[1] Pacific Community. “Kiribati Census Atlas” p. 14. Kiribati National Statistics Office. Noumea, New Caledonia. July, 2022. Population | Kiribati National Statistics Office (

[2] "Google Maps." Google.Com.,-171.779396,12.33z/data=!4m6!3m5!1s0x706517eb4daa4f91:0x851da4e096d67095!8m2!3d-2.7693312!4d-171.717967!16s%2Fm%2F0bmgvjm?authuser=0&entry=ttu.

[3] Barrett, Jonathan. "Kiribati Says China-backed Pacific Airstrip Project for Civilian Use." Reuters. May 13, 2021.

[4] Moroney, Jennifer D., and Alan Tidwell. "America's Strategy In Oceania: Time For A Better Approach." War on the Rocks. July 19, 2021.

[5] Moroney and Tidwell. "America's Strategy In Oceania: Time For A Better Approach."

[6] "China Development Finance." AIDDATA. The Research Lab at William & Mary, Accessed August 23, 2023.

[7] Moroney and Tidwell. "America's Strategy In Oceania: Time For A Better Approach."

[8] Case, Ed Rep. "Introducing the BLUE Pacific Act." Congressional Floor Speech at The US Capital, House Chamber, Washington D.C., July 30, 2020.

[9] "China Eximbank Provides RMB 340 Million Government Concessional Loan for Faleolo International Airport Upgrade Project." AIDDATA. The Research Lab at William & Mary, Accessed August 23, 2023.

[10] ibid.

[11] ibid.

[12] Taupongi, Robert. "The 'Framework Agreement' with China Transforms the Solomon Islands into a Pacific Flashpoint." Center for Strategic & International Studies. March 31, 2022.

[13] ibid

[14] Moroney and Tidwell. "America's Strategy In Oceania: Time For A Better Approach."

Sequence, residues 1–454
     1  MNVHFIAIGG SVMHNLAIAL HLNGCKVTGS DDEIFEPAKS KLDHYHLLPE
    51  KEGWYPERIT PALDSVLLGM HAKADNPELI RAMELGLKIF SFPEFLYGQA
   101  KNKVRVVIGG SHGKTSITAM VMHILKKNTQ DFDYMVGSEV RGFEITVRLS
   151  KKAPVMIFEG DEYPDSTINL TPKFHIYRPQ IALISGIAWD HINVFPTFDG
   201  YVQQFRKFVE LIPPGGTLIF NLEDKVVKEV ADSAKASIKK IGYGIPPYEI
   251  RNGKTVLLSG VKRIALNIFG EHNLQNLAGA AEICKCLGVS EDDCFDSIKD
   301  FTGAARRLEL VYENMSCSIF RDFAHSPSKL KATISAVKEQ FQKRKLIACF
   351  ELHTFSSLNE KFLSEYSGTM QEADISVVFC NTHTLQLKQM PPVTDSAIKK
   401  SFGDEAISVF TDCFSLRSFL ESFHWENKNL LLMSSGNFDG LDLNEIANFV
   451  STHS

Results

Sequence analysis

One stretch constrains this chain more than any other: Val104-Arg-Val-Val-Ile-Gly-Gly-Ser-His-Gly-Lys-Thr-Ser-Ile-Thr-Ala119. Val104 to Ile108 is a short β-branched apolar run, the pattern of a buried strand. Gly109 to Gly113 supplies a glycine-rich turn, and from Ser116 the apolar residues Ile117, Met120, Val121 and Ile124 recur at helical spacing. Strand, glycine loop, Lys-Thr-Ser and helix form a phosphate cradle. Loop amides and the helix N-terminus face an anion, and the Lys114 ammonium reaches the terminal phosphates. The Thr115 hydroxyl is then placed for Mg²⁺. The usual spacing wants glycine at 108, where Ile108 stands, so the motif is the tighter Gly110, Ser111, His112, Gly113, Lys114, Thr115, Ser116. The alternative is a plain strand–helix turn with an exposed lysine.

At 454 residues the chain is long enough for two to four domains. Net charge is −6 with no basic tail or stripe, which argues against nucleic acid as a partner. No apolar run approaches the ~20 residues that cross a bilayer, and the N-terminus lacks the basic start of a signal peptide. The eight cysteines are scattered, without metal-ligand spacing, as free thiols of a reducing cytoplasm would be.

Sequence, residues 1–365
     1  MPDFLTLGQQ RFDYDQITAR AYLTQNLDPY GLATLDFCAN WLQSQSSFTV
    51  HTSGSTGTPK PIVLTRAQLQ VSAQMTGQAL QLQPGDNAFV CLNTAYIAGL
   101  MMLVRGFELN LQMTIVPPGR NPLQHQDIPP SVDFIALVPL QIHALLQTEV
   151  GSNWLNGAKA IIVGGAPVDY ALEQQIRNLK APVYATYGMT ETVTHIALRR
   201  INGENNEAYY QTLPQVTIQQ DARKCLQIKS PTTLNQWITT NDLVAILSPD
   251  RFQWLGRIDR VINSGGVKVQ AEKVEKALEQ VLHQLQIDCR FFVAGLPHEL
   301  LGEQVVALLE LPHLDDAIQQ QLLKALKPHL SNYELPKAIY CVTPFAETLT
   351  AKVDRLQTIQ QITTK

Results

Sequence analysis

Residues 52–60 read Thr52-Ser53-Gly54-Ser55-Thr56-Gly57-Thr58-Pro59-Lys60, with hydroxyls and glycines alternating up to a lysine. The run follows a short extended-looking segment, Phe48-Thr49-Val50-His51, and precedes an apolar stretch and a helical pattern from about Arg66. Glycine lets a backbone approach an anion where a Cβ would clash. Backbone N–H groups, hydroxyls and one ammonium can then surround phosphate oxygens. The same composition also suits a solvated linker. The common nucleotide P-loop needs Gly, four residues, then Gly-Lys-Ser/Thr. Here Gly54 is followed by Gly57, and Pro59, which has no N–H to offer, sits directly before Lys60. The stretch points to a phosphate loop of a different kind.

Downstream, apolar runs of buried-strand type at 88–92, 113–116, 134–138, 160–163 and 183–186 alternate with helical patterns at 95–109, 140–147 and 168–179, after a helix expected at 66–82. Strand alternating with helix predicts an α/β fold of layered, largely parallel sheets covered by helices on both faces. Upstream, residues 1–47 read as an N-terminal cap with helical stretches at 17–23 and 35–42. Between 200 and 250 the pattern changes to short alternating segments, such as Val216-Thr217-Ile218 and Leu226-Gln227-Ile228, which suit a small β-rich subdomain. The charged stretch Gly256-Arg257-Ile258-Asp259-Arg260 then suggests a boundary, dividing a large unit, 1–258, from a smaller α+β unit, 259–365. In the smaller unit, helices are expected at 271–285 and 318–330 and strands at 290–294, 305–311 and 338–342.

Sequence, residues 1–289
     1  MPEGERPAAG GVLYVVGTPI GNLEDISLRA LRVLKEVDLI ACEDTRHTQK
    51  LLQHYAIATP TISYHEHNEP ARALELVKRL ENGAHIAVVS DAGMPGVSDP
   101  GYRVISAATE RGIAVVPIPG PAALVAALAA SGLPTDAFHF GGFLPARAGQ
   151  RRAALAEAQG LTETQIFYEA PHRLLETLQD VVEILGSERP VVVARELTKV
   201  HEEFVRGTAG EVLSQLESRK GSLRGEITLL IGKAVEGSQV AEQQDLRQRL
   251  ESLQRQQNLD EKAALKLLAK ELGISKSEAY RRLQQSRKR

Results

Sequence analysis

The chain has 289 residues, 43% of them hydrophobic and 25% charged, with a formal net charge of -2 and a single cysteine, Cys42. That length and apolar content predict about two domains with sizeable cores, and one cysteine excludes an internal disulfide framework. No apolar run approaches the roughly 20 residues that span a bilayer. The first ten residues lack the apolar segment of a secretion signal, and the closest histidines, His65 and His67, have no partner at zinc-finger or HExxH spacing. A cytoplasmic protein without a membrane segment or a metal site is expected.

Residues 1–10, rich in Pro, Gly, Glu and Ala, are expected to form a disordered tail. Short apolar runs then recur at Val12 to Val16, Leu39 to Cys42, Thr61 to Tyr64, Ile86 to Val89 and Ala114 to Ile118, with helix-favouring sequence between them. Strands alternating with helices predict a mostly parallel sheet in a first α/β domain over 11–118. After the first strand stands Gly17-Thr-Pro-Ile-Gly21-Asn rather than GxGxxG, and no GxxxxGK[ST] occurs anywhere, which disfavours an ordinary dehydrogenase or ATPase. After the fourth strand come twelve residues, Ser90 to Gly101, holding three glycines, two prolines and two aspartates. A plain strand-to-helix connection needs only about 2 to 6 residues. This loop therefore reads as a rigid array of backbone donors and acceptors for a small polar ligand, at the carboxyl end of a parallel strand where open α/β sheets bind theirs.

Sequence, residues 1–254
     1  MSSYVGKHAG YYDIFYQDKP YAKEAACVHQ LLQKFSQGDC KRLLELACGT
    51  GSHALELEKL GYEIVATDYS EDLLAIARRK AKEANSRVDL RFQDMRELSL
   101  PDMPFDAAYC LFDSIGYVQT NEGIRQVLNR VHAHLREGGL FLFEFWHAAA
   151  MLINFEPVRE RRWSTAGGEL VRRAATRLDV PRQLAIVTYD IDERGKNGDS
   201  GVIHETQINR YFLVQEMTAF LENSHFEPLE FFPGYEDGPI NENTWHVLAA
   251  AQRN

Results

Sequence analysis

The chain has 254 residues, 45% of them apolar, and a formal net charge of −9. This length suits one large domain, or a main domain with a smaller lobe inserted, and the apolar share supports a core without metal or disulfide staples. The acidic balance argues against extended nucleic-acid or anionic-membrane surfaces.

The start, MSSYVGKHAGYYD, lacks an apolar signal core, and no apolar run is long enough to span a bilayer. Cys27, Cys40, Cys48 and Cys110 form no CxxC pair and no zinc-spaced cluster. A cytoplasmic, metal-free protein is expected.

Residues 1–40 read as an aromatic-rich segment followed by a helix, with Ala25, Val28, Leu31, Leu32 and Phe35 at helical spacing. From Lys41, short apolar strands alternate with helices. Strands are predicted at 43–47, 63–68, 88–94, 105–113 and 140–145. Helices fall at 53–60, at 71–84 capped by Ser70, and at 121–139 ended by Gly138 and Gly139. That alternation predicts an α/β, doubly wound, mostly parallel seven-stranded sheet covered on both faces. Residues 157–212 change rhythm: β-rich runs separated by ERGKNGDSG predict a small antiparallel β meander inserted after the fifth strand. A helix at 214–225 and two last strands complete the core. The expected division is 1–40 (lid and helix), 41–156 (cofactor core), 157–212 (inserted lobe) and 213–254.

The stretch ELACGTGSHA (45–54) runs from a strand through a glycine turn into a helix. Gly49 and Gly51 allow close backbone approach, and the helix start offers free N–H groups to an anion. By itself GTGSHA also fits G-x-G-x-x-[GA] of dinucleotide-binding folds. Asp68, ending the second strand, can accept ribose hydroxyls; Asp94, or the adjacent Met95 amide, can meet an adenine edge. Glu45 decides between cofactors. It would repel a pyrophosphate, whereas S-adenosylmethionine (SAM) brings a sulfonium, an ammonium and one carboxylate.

[15] Gallagher, Michael. "Prepare Now for War in the Pacific." U.S. Naval Institute. July 1, 2021.

[16] Carbonaro, Giulia. “How China’s Economy Collapsing Would Impact the U.S.” Newsweek. September, 2023. How China's Economy Collapsing Would Impact the U.S. (

[17] Suliman, Adela. "China Could Invade Taiwan in the Next 6 Years, Assume Global Leadership Role, U.S. Admiral Warns." NBC News. March 10, 2021.

[18] Gilchrist, Karen. "China Hawk Says Beijing Could Attack Taiwan by 2024, Bringing 'war to the West'." CNBC News. August 9, 2023.

[19] Mcdonald, Joshua. "Pacific Island Nations Wary of Chinese Fishing Fleets." The Diplomat. December 18, 2020.

[20] Myers, Steven L., Agnes Chang, Derek Watkins, and Claire Fu. "How China Targets the Global Fish Supply." The New York Times. September 26, 2022.

[21] Tetrault-Farber, Gabrielle. "Pacific Island Sea Levels Rising Faster than Global Average, WMO Says." Reuters. August 18, 2023.

[22] "Pacific Island Sea Levels Rising Faster than Global Average, WMO Says." US Geological Survey. Pacific Coastal and Marine Science Center, June 27, 2022.

[23] ibid